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Part I: Calculate and record the percent sand, silt and clay in the soil sample 5.

6% clay 78.4 % silt 22% sand Use the soil textural triangle to determine the texture of the soil sample Silt Loam PART 2 Postlab QuestionsWrite out and respond to the following questions. 1. Use the soil triangle to determine the type of soils with the following particle sizes a. 20% silt, 10% clay, 70% sand -> Sandy Loam b. 30% sand, 10% clay, 60% silt -> Silt Loam c. 10% silt, 50% sand, 40% clay -> Sandy Clay d. 30% clay, 30% sand, 40% silt -> Clay Loam e. 60% clay, 10% sand, 30% silt -> Clay f. 40% sand, 10% silt, 50% clay -> Clay 2. List and describe three ways in which soil pH affects an ecosystem. PH is chemical measure of the soil reflecting the hydrogen (acid forming) ion activity. It expresses the degree of acidity or alkalinity in terms of pH values. The scale of measuring acidity or alkalinity contains 14 divisions known as pH units. It is centered around pH 7 which is neutral. Values below 7 constitute the acid range of the scale and values above 7 make up the alkaline range. PH scale is logarithmic, not linear. That is, a soil with a pH of 8.5 is ten times more alkaline

than a soil with a pH of 7.5, and a soil with a pH of 4.5 is ten times more acidic than a soil with a pH of 5.5. The pH condition of soil is one of several environmental conditions that affect the quality of plant growth. While many plants grow in a 3.5 to 10.0 range and some plants have a rather specific pH requirement, a near neutral or slightly acidic soil pH of 6.0 to 7.0 is generally considered ideal for the majority of plants. The major impact that pH extremes have on plant growth is in the availability of plant nutrients and concentration of the plant toxic minerals. In highly acidic soils, calcium, phosphorous, and magnesium become tied up and unavailable, and manganese can be concentrated in toxic levels. At pH values of 7 and above, phosphorus, iron, copper, zinc, boron, and manganese become less available. Acidity can be reduced by applying some form of lime; ground agricultural limestone is the most frequently used. The finer the grind the more rapidly it becomes effective, but the amount needed depends on the extent of pH change needed for the plants to be grown as affected by the soil texture and OM content. The surest method of knowing what action is needed is to have the soil tested. 3. What types of vegetation does soil of the type and pH you sampled best support? -> Grasses, bamboo, wetland and aquatic plants, vegetables, fruit trees, berry bushes and ferns, to name a few. 4. What would be the ideal type and pH of soil to have around a home? -> The ideal type of soil is loam and pH at 6.0-7.5 5. What would be the ideal type and pH of soil for agriculture? -> The ideal type of soil is loam and pH at 6.5-7.5 6. How do farmers adjust the pH of soils? -> Limestone or sulfur into the soils to neutralize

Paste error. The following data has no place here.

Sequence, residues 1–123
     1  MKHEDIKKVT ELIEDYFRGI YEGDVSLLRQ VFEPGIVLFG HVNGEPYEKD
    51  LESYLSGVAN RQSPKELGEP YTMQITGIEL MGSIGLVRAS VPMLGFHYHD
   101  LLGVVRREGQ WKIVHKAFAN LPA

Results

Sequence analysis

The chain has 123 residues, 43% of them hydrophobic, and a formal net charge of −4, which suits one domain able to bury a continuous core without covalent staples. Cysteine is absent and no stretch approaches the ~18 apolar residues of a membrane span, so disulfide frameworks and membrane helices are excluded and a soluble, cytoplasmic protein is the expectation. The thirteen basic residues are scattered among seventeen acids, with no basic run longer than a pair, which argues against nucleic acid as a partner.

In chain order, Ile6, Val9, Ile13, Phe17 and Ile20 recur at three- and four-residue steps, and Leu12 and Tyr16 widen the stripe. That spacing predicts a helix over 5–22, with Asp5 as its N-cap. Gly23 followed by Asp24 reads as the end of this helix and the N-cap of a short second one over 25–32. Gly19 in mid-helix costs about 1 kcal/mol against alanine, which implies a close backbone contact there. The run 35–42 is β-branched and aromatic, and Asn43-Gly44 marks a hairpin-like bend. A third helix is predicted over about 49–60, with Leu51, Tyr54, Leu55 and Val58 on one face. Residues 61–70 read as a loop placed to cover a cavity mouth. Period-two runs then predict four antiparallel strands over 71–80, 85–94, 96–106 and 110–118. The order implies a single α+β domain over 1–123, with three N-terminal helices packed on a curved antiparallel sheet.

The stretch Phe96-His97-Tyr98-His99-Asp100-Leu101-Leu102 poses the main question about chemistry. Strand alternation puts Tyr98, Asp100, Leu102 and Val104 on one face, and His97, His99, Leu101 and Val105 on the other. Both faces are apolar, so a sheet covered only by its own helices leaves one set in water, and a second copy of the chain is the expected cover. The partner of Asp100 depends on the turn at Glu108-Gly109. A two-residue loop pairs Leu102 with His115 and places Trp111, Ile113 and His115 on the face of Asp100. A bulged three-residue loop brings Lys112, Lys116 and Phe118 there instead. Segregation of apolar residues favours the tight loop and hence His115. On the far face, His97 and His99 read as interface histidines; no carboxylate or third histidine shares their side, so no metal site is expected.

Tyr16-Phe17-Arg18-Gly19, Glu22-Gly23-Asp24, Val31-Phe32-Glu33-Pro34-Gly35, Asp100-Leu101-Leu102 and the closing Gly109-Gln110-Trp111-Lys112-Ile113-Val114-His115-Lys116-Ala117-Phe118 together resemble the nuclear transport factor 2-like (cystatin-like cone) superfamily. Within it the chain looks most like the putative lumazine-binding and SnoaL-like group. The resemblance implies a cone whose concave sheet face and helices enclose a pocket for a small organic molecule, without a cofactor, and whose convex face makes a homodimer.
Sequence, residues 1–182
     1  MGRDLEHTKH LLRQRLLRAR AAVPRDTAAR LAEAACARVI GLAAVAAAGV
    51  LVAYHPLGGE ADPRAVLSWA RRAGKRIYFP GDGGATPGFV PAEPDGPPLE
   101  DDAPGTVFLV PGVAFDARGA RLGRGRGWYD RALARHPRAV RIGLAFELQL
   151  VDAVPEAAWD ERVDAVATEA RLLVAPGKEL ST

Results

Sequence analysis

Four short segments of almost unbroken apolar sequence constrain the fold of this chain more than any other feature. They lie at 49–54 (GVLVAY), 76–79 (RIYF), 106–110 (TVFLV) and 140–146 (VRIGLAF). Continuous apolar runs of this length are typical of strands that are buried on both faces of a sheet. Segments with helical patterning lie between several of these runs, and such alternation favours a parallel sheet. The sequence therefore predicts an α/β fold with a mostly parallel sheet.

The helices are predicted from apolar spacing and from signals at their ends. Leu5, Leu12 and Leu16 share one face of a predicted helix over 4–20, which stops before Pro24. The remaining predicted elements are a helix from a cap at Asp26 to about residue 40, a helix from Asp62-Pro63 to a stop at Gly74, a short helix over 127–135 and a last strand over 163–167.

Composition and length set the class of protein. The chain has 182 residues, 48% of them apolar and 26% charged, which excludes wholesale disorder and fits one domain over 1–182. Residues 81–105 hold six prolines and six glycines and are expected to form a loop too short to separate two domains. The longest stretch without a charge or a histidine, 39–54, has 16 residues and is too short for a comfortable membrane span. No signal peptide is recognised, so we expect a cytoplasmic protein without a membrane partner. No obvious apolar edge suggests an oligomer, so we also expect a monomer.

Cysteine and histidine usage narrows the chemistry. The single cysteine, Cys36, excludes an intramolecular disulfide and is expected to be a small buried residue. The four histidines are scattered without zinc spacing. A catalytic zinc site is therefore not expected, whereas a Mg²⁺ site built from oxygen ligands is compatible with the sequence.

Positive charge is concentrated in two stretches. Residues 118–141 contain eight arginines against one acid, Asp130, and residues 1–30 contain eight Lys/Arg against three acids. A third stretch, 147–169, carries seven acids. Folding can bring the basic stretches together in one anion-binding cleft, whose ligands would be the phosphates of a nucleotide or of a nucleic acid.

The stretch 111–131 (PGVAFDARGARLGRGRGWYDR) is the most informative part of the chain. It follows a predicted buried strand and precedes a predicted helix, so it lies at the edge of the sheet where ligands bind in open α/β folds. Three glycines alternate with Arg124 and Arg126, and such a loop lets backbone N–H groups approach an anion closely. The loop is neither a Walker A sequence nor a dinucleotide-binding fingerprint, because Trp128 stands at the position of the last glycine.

A: Using the method described above, try to classify your soil as mostly sand, mostly silt or mostly clay. How did you classify your soil based on this by hand method? What lead you to this conclusion? -> We didnt feel the soil sandy, and we then mold the soil to form an easily deformed ball and feel smooth and silky. B: Now use the dichotomous key to classify your soil. What soil texture would you classify your sample based on this method? -> Silt Loam C: Do it again with the flow diagram- how would you classify your soil now? -> Silt Loam

D: Did your answers to all of the methods agree with each other? Why or why not? Yes, all of the answers agree with each other. The "by hand" method, the dichotomous key and the flow diagram each concluded that the soil that we used in this lab was silt loam.

Conclusion In conclusion, there are a variety of methods to determining what type of soil. Some people simply pinch moist soil between their finger and thumb. If it feels gritty, it contains a lot of sand. If it feels sticky and can be molded into a ball, it contains a lot of clay. If it feels quite smooth, almost like flour, it contains a lot of silt. The best soil for plant growth is a loam which contains a high amount of silt mixed with a low amount of clay and a middle range of sand.